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Lecture

Sept 10th&12th - Chapter 1&3 Intro&Motivation Lecture Notes.docx

5 Pages
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Department
Kinesiology
Course Code
Kinesiology 1088A/B
Professor
Bob Larose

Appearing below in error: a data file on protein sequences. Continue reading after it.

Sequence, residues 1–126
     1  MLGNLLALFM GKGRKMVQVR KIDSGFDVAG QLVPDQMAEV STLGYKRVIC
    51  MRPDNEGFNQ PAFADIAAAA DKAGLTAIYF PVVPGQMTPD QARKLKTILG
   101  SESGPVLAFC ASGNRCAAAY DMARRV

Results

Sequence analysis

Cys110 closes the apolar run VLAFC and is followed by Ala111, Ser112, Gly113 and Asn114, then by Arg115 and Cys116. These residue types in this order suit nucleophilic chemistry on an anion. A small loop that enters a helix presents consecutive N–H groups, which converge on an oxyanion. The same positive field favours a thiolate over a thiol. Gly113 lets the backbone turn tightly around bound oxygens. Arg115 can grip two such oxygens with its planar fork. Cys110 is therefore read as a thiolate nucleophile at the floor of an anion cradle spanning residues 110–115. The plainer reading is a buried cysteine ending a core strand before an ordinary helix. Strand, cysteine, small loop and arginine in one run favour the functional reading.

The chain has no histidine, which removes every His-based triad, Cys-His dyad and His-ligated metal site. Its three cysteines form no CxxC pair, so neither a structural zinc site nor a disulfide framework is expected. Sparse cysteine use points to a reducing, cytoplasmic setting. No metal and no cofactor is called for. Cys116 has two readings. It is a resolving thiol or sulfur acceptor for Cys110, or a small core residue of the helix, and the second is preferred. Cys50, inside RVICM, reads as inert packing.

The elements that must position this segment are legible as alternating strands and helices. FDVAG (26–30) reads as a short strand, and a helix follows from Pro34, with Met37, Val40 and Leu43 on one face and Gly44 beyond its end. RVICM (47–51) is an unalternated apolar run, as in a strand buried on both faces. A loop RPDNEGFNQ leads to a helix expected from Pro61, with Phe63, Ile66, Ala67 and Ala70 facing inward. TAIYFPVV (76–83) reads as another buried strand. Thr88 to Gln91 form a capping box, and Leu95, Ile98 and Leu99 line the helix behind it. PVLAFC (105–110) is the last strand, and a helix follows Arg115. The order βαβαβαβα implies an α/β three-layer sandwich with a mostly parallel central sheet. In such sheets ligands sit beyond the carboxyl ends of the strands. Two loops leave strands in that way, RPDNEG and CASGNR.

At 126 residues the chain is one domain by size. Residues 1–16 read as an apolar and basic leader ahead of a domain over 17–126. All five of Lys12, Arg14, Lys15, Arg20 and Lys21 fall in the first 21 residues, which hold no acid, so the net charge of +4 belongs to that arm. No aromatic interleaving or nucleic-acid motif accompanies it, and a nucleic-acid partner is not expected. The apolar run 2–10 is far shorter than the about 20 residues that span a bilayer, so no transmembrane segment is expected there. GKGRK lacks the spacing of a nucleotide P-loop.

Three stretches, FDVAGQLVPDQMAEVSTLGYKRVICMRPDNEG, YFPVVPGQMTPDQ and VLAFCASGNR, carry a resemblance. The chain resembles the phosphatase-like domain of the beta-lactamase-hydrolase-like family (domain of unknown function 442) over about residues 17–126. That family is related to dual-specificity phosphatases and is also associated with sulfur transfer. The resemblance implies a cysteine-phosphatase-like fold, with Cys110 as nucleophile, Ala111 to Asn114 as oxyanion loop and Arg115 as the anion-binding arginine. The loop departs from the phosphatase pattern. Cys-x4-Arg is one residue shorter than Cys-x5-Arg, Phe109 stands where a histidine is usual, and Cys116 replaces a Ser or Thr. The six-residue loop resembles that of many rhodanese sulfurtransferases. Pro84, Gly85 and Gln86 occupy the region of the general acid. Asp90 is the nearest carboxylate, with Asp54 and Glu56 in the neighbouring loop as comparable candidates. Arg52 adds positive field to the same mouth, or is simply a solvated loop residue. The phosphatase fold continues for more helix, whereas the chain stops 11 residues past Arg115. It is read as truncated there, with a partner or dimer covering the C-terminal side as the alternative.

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Chapter 1 – Welcome to Sport & Exercise Psychology September 10th Methods/Ways of knowing  Scientific Method/Experiments  Systematic Observation  Single Case Study  Shared Public Experience  Introspection (thoughts/feelings) – sit back & reflect on an experience  Intuition (tacit knowledge) – when something seems like it’s logical or that’s the way it should be Ways of knowing in sport psychology Any systematic study of sport psychology should include the following stages: 1. Observation & Description (what is) – Identify or define the essential characteristics 2. Explain & Analysis (why?) – Attempt to provide reason for the findings in stage 1 3. Prediction (what will be) – Use the knowledge obtained to predict future occurrences 4. Control (how can we?) – What can we control to change the behaviour or performance? Scientific Method  Founded on the concept of objectivity (lack of bias – researchers are detached observers & manipulators of nature)  It is a process or method of learning that uses systematic, controlled, empirical, and critical filtering of knowledge acquired through experience. 6 Steps of the scientific method: 1. Formulation of a specific hypothesis 2. Design of the investigation 3. Accumulation of data 4. Classification of data 5. Development of generalizations 6. Verification of results  These steps provide scientist with a way of collecting reliable and valid (internal) data that can then be used to develop generalizable theories and law of human behaviours  HOWEVER, this is a slow and conservative process that often lacks external validity (practicality) Professional practice knowledge Holistic & Experiential  Guided trial & error learning reflecting the complex interplay of many factors  It is often innovative & immediately applicable but less reliable and susceptible to bias  Biggest difference is the central and active role of the researcher in the process of knowing (within the research rather than a neutral, outside observer) Pre-eminence of TACIT KNOWLEDGE  A process of intuition that integrates clues into meaning Subsidiary awareness of certain clues  “we know more than we can tell”  “It just seems logical” Examples:  Case Studies (n of 1)  Clinical reports  In-depth interviews  Introspective reports (journals)  Participant observations  Shared experiences You must actively integrate scientific knowledge with professional experience & temper these with your own insights & intuition. Motivation From the Latin – “Movere” = to move A theoretical contract (not a directly observable phenomenon) Is used to account for the:  Selection  Intensity  Persistence of behaviour, learning or performance in any activity. Chapter 3 – Motivation September 12th The direction (approach/avoid) And Intensity (high/low) Of one’s effort  P
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